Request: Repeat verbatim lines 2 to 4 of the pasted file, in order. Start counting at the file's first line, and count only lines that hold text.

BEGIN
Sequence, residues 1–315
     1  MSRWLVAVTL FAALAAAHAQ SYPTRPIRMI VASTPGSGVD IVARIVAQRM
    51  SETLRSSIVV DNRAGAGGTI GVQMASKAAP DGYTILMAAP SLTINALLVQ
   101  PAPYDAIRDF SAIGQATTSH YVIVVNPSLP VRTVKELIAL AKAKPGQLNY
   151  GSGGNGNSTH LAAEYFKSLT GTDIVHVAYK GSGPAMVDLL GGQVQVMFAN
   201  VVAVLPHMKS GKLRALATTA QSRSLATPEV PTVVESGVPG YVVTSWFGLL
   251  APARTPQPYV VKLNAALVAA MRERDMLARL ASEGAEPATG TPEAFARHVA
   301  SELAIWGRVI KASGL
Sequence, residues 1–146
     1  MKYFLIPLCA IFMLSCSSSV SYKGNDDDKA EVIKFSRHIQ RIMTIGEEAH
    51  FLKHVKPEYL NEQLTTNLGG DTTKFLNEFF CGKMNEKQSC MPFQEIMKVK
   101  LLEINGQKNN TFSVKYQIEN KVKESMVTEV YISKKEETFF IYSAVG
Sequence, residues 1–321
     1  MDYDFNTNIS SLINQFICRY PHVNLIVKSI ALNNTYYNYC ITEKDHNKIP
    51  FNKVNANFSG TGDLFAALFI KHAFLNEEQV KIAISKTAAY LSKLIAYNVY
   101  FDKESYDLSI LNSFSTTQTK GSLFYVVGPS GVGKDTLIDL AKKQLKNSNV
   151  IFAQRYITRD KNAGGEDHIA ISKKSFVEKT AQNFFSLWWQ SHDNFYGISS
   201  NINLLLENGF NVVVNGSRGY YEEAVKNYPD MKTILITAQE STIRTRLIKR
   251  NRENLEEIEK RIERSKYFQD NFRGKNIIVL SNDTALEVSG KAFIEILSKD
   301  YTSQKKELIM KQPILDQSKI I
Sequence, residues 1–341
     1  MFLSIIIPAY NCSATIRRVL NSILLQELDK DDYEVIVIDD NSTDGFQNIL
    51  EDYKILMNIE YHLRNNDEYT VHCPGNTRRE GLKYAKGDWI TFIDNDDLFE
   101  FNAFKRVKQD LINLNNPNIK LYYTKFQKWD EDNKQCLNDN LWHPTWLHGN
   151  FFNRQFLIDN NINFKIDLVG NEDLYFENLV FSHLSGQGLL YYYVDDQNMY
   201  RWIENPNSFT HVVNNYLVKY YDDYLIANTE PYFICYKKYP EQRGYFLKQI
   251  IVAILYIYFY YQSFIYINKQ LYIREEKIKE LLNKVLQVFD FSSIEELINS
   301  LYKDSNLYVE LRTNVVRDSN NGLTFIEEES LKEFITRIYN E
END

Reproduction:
     1  MSRWLVAVTL FAALAAAHAQ SYPTRPIRMI VASTPGSGVD IVARIVAQRM
    51  SETLRSSIVV DNRAGAGGTI GVQMASKAAP DGYTILMAAP SLTINALLVQ
   101  PAPYDAIRDF SAIGQATTSH YVIVVNPSLP VRTVKELIAL AKAKPGQLNY